Twitter speaks out after de-verifying abusive accounts

The social platform removed the blue badge from accounts that it says violated its guidelines. Others claim the move is politically motivated.

Twitter is attempting to rewrite its story.

In a move intended to combat hate speech and aggressive behaviors on its social media platform, the company de-verified several accounts last night and has announced updated guidelines for the verification program.

This comes after the company was embroiled in controversy after it verified the account of white supremacist Jason Kessler.

Now the company is taking concrete action to change public perception of its platform.

Twitter’s support account indicated that the company is not done making changes to address the problem and that the move to remove verification is a token of goodwill.

Many have equated verification with approval on Twitter’s part.

The Washington Post wrote:

Verification helps promote the accounts, lending them a sort of semiofficial imprimatur from the company. But Twitter said that they were never meant to be an endorsement. […]

As a private company, Twitter has no legal free-speech obligations to those who use its service. It noted in its new guidelines that it “reserves the right to remove verification at any time without notice.”

The Washington Post noted that this thorny path for Twitter is part of the greater problem for companies grappling with the current political climate and the debate over protected speech happening in America. It wrote:

The move marks the latest skirmish in a debate over speech that has exploded over the past couple of years on social networks such as Twitter and those in the real world, including college campuses and city squares, as extremist figures with racially motivated views have increasingly moved into public view. And it comes as the publicly traded company faces increased pressure to weed out the hateful speech, images and threats that have blossomed on the service in recent years.

On its support page, Twitter outlines the actions that can lead to the loss of verified status, including:

  • Intentionally misleading people on Twitter by changing one’s display name or bio.
  • Promoting hate and/or violence against, or directly attacking or threatening other people on the basis of race, ethnicity, national origin, sexual orientation, gender, gender identity, religious affiliation, age, disability, or disease. Supporting organizations or individuals that promote the above.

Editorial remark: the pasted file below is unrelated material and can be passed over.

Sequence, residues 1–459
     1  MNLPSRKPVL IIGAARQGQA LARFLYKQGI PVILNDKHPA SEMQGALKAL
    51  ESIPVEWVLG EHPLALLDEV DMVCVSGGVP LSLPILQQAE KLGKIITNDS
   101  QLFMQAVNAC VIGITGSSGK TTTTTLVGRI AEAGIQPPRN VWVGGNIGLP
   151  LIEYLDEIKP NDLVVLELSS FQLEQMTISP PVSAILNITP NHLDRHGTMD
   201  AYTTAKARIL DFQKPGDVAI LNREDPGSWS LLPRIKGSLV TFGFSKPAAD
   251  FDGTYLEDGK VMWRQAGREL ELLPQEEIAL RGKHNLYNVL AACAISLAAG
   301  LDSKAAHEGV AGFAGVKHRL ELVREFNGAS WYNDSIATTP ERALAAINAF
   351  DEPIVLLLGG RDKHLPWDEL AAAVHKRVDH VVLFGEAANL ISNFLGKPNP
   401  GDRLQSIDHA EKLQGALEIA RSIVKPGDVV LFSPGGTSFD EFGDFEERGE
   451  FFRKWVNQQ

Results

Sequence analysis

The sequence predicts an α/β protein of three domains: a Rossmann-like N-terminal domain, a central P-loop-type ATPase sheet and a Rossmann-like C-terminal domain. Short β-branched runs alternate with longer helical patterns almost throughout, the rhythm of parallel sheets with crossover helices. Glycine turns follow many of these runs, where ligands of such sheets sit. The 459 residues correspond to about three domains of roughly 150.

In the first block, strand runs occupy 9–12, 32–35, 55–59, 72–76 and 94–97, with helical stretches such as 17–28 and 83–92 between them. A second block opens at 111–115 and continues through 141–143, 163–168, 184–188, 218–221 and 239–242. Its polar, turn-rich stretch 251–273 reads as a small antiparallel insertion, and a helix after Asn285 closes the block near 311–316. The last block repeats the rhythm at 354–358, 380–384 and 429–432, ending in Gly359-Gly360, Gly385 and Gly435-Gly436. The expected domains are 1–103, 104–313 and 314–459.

• Inciting or engaging in harassment of others.
  • Violence and dangerous behavior
    • Directly or indirectly threatening or encouraging any form of physical violence against an individual or any group of people, including threatening or promoting terrorism
    • Violent, gruesome, shocking, or disturbing imagery
    • Self-harm, suicide
  • Engaging in activity on Twitter that violates the Twitter Rules.

Some contend Twitter’s problem is not a lack of rules and that introducing these guidelines would do little to fix the platform’s quandary.

Gizmodo wrote:

Given that Twitter’s core problem is not the absence of rules, but the lack of consistency with which it enforces them, verification changes—and the users who are likely to have that status revoked—are likely to bring more headaches for an already embroiled company. Good luck, folks.

Twitter communicated by email to let account holders know their verified status had been revoked.

USA Today wrote:

Twitter started notifying users of that their verification had been removed by email on Wednesday. One of the first accounts to lose its blue checkmark was Laura Loomer, the far-right activist who was recently banned by Uber and Lyft following her complaints about Muslim drivers.

“Twitter just emailed me to tell me they are removing my ‘verified badge’ because they claim my account ‘doesn’t comply with Twitter’s guidelines for verified accounts.’ Translation: I’m a conservative,” Loomer wrote on Twitter.

Some counter that plenty of conservative accounts remain verified on the platform:

Twitter took responsibility for the miscommunication and apologized for not correcting the program faster.

Public submissions for verification are still suspended as the company continues to chart a path forward with one of its most popular features. If the move by Twitter works to bring in new users, it may embolden other social platforms to more aggressively silence users that are antithetical to the company’s core values.

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